Florida Democratic Representative Alcee Hastings in under investigation for overpaying staff—in particular his longtime girlfriend, Patricia Williams. The story came to light when the Washington Free Beacon posted the facts in a news report on March 9. In response, the congressional watchdog group, Foundation for Accountability and Civic Trust (FACT), filed the complaint March 20.
Patricia Williams currently serves as the Deputy District Director in the Representative’s Broward County, Florida office. She receives the maximum amount allowed by a congressional staffer, $168,000 per year, even though she does not have the most responsibility in the office. She makes more even than Hastings’ D.C. chief of staff, traditionally the highest paid position in a congressional office.
Williams and Hastings’ met in the 1980s. He was a federal judge facing impeachment and she was on the legal team representing him. After the trial, he hired her as a staff assistant in 1993. She has since worked her way up to her current position. Congressional staffers salaries have only been publicly reported since 2000. Those records indicate that in 2001, Williams was paid $98,000 for her work as a staff assistant. The Washington Times reports that the median salary for a congressional staff assistant is from $30,000 to $35,000 per year. Even given points for loyalty and seniority, she is still ridiculously overpaid. In 2001, she made $121,307. All in all, Patricia Williams made $623,003 as a staff assistant during 2000-2005.
In 2006 Williams was promoted to Deputy District Director. Her subsequent raise increased her salary to $143,314. She continued to receive raises over the next several years, until 2012, when her salary peaked at the maximum allowable limit of $168,411. It has remained there for the last five years. Since 2000, it is calculated she has made $2.4 million in taxpayer money.
In 2011, Williams daughter, Maisha, was even hired on as a staff assistant. There are no rules prohibiting relationships with staffers, although there are rules against hiring family members. Hastings’ gets around that by stating they aren’t married. But there are ethic laws regarding nepotism.
The complaint filed by the watchdog group states, “This relationship along with the facts that Williams has been paid the maximum amount permitted by law for several years and is Hastings’ highest compensated employee, but not the staff member that generally has the most responsibilities, indicates serious ethical concerns. The House Ethics rules prohibit a Member from discriminating unfairly by dispensing special favors. More specifically, the House Code of Official Conduct prohibits a Member from retaining employees on the Member’s payroll who do not perform official duties commensurate with the compensation received. Each Member is ‘accountable for the pay and performance of staff.'”
Also of note, is the fact that one of Hastings’ staffers is the wife of an ex-employee. Dona Nichols-Jones is the wife of Mikel Jones who worked for Hastings from 1993 to 2011. Mikel was dismissed after he used a $600,000 business loan for personal use. In 2011, he was convicted of money laundering, conspiracy, and fraud. Court records show that Dona was complicit in the crimes, assisting him in creating fake invoices, to send the money to themselves. The money was used to pay off credit card debt, travel, groceries, and other personal expenses. She was ordered by the court to pay $400,000 in restitution and served one day in prison. Hastings hired her back for part-time work and paid her about $30,000 per year.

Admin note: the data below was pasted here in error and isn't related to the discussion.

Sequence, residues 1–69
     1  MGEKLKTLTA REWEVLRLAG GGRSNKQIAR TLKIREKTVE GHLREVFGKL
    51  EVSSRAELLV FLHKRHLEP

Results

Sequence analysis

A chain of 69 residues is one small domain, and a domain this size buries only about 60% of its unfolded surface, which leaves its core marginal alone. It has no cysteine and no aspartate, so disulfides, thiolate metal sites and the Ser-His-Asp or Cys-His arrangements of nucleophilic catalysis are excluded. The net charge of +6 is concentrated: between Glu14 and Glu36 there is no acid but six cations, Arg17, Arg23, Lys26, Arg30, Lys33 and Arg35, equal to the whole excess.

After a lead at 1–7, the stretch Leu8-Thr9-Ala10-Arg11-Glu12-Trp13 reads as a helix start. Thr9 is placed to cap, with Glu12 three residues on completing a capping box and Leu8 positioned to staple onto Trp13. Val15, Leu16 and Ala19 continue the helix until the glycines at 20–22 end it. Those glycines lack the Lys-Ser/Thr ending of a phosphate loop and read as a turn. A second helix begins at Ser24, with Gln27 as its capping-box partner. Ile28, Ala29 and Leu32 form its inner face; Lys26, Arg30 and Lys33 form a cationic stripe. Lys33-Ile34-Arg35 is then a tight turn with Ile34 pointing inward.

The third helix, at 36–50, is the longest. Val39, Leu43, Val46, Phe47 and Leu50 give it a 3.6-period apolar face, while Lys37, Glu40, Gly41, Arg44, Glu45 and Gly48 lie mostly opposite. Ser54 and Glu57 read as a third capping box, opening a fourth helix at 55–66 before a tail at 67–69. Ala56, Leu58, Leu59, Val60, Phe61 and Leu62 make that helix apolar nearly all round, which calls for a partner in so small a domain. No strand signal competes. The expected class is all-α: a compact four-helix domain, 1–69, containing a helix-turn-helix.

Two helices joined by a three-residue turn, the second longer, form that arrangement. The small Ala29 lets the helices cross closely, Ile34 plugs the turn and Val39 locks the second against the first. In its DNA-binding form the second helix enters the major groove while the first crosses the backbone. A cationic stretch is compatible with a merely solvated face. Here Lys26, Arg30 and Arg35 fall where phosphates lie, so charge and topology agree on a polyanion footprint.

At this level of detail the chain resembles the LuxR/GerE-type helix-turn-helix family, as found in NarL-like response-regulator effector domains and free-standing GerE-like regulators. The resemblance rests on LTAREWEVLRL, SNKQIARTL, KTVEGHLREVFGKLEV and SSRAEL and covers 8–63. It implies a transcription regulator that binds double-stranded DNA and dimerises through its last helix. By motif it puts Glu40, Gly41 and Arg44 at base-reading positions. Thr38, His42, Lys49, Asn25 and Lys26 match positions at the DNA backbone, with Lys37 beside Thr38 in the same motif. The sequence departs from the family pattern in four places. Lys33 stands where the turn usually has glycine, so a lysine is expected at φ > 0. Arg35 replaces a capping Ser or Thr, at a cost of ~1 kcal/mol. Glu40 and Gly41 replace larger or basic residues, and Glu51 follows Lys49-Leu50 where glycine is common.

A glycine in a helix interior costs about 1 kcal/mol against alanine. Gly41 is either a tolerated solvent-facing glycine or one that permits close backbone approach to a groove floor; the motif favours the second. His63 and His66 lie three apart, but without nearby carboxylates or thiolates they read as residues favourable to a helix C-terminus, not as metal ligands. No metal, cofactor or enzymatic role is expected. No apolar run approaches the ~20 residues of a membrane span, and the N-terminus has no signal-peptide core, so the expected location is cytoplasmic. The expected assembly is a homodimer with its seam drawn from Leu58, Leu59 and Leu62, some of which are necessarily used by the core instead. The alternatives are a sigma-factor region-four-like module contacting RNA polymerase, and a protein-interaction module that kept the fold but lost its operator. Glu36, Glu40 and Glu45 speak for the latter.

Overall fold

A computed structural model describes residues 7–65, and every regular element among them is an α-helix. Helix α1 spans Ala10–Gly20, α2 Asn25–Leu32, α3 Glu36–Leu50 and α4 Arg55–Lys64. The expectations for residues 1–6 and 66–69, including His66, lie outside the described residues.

So, with all of this shady money circling around, it would seem to be appropriate that Hasting’s 1981 impeachment had to do with dirty money as well. As a federal judge, he was charged with accepting a bribe in exchange for reducing the sentences of mobsters he convicted. He was acquitted in 1983 but later investigations found that he tampered with evidence, committed perjury, and conspired to accept bribes. He was impeached on 7 articles. All the while Williams was by his side, working on his behalf.
If the Congressman couldn’t seem any dirtier, there’s more. In 2011 Winsome Packer, a female staffer, filed a sexual harassment claim against Hastings. According the complaint, drafted by watchdog group Judicial Watch, “Mr. Hastings’ intention was crystal clear: he was sexually attracted to Ms. Packer, wanted a sexual relationship with her, and would help progress her career if she acquiesced to his sexual advances.” For over two years Ms. Packer cited she was, “forced to endure unwelcome sexual advances, crude sexual comments, and unwelcome touching by Mr. Hastings.”
Some of the items noted in the complaint included unwanted physical contact including full frontal hugs. He invited her on several occasions to come alone to his hotel room, as well as making sexual comments to her in public, asking her, “What kind of underwear are you wearing?” When she continuously rejected his advances, he eventually got the message and threatened her job. He also marginalized her in the office. The stress got so overwhelming, she was admitted to the emergency room for a severe reaction. The lawsuit was dismissed by a federal judge in 2012 and the House Ethics Committee opted not to probe the representative on the issue.
On the charge of nepotism, Hastings has not answered media requests for comment. This could finally be justice for a man who has consistently thwarted the law while he continued to make it for everyone else. Mark Twain said, “Politicians are like diapers. They should be changed often, and for the same reason.”